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10 April 2014 11:44 am ,
Vol. 344 ,
Tropical disease experts tried and failed before to eradicate yaws, a rare disfiguring disease of poor countries. Now,...
Since 2002, researchers have reported that agricultural communities in the hot and humid Pacific Coast of Central...
Balkan endemic kidney disease surfaced in the 1950s and for decades defied attempts to finger the cause. It occurred...
The Pyrenean ibex, an impressive mountain goat that lived in the central Pyrenees in Spain, went extinct in 2000. But a...
Tight budgets are forcing NASA to consider turning off one or more planetary science projects that have completed their...
Ebola is not a stranger to West Africa—an outbreak in the 1990s killed chimpanzees and sickened one researcher. But the...
In an as-yet-unpublished report, an international panel of geoscientists has concluded that a pair of deadly...
- 10 April 2014 11:44 am , Vol. 344 , #6180
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Rocket Snag Will Delay Launch of Spacecraft to Monitor Polar Ice
19 February 2010 11:38 am
The European Space Agency (ESA) has delayed the planned 25 February launch of its CryoSat-2 spacecraft because of concerns about its launcher, a Russian Dnepr rocket. The Dnepr is a converted intercontinental ballistic missile (ICBM) that in its military role had a 97% launch success rate. As a satellite launcher it has had one failure in 13 launches. ESA says that it is concerned that the second stage steering motor does not have sufficient fuel to ensure CryoSat-2 is placed safely into its required orbit, which is highly inclined (88° from the equator) to give it maximum coverage of polar regions. Ukrainian launch company Yuzhnoye is working to solve the problem, but the launch may be delayed by as much as a month.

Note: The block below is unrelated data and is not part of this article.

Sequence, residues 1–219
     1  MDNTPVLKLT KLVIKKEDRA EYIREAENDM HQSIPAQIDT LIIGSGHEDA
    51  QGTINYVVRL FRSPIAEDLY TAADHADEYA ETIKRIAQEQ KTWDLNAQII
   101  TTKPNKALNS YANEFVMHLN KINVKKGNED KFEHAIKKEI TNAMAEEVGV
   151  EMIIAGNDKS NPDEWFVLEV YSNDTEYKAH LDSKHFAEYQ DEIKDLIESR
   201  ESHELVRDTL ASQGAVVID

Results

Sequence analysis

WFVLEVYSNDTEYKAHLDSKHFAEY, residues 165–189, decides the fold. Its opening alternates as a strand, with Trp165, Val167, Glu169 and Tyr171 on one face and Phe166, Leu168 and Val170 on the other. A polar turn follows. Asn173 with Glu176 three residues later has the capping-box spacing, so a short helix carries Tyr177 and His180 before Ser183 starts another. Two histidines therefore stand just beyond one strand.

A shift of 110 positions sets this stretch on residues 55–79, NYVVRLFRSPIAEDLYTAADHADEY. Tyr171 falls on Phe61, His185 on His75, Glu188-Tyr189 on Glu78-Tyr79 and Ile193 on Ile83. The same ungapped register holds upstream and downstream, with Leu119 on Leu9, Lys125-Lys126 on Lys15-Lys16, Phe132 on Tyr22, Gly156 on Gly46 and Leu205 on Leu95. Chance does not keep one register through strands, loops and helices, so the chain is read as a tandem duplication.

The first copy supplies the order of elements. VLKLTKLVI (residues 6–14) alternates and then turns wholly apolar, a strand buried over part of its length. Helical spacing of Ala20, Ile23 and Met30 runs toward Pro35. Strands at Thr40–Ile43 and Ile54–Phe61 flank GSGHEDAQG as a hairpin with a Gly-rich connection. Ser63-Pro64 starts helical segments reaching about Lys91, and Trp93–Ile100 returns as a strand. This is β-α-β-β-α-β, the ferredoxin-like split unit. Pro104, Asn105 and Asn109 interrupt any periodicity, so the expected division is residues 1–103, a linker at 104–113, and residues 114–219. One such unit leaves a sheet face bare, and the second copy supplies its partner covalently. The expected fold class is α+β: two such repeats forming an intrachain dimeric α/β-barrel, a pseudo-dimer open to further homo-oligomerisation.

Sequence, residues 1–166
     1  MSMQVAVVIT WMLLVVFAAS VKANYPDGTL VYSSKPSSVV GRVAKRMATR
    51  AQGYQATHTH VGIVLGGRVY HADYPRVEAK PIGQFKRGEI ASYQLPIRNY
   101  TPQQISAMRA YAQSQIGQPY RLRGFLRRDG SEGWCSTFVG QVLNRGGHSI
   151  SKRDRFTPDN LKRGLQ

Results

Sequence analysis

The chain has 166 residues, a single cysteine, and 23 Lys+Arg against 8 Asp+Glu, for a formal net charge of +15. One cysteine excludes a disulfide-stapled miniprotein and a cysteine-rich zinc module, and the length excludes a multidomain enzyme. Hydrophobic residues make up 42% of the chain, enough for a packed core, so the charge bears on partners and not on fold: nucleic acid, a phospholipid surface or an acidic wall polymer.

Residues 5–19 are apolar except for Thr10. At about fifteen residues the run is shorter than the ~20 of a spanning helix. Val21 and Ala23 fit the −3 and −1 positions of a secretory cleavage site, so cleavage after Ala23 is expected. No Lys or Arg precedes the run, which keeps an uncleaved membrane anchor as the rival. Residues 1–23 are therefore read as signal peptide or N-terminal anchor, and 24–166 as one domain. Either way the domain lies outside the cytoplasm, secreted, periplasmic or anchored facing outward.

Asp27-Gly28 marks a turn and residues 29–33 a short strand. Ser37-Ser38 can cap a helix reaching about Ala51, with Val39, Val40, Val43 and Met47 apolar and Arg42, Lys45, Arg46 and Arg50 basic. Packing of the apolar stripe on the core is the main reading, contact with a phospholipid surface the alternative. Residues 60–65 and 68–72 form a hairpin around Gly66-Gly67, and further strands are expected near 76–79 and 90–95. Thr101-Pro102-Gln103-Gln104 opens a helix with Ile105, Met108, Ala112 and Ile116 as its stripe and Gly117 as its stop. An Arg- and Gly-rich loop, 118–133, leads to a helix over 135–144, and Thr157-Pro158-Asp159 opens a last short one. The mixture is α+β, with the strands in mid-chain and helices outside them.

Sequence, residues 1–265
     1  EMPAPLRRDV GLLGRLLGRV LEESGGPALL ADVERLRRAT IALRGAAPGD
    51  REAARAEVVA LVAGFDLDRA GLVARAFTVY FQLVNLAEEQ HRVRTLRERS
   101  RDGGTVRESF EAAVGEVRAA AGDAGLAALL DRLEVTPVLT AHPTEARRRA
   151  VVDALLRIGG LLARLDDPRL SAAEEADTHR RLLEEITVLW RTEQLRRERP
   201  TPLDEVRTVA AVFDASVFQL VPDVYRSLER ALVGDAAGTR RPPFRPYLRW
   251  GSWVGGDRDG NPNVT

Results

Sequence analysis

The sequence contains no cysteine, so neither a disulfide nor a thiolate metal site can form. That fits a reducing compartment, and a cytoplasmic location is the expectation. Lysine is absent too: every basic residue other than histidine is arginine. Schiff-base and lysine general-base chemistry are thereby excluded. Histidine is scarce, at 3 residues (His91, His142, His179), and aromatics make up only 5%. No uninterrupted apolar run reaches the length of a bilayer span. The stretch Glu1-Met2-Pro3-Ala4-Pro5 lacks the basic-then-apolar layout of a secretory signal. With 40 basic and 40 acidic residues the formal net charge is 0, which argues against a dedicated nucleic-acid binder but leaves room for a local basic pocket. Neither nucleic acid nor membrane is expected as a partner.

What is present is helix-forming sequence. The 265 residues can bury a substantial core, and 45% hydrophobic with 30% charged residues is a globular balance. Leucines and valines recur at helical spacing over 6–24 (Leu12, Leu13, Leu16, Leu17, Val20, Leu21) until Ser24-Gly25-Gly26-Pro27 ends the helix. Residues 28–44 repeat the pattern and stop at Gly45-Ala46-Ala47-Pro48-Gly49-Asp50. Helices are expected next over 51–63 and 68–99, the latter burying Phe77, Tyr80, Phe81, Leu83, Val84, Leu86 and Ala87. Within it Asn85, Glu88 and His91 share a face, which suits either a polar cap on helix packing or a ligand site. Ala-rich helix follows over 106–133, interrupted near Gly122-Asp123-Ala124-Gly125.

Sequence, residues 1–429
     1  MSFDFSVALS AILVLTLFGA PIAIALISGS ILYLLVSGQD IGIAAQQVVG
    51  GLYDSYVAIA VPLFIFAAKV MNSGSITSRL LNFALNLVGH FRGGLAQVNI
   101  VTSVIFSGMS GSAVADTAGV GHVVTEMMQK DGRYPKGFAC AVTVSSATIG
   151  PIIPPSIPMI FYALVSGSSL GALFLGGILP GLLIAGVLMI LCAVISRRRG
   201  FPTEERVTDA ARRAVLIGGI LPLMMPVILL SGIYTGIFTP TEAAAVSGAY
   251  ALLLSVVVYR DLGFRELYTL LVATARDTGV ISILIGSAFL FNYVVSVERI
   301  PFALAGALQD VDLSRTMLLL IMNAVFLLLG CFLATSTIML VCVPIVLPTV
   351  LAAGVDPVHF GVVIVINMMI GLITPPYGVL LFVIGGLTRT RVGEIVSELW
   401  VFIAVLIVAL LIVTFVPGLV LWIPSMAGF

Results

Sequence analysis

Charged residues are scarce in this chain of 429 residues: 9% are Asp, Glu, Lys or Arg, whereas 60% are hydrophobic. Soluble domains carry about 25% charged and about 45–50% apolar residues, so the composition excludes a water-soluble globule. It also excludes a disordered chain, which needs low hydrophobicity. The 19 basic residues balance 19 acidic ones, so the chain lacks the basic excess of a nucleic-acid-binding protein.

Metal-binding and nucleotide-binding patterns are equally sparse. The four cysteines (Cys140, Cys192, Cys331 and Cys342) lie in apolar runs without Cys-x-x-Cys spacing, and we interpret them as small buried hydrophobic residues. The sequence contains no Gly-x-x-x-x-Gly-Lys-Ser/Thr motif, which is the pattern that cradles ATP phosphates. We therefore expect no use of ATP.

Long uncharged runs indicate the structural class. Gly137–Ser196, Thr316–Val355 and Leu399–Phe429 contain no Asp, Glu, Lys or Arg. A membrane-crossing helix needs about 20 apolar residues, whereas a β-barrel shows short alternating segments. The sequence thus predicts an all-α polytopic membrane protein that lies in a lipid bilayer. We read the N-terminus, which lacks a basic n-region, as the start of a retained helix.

CryoSat-2 carries a radar altimeter optimized to measure the extent and thickness of polar ice. It aims to give a more complete picture of the changes taking place in polar regions because of climate change. The original CryoSat spacecraft was destroyed during launch in 2005. It was being carried by a different converted ICBM, a Russian Rockot.
Meanwhile, ESA has chosen three proposed space missions for further study with a view to launching two of them some time after 2017. A total of 52 proposals were whittled down in stages over the past few years to a final three which will now go through a final definition stage before a final decision is made in 2011. The three are Euclid, which will study dark matter and dark energy; Plato, aimed at exoplanets; and Solar Orbiter, which will give us the closest view yet of the sun.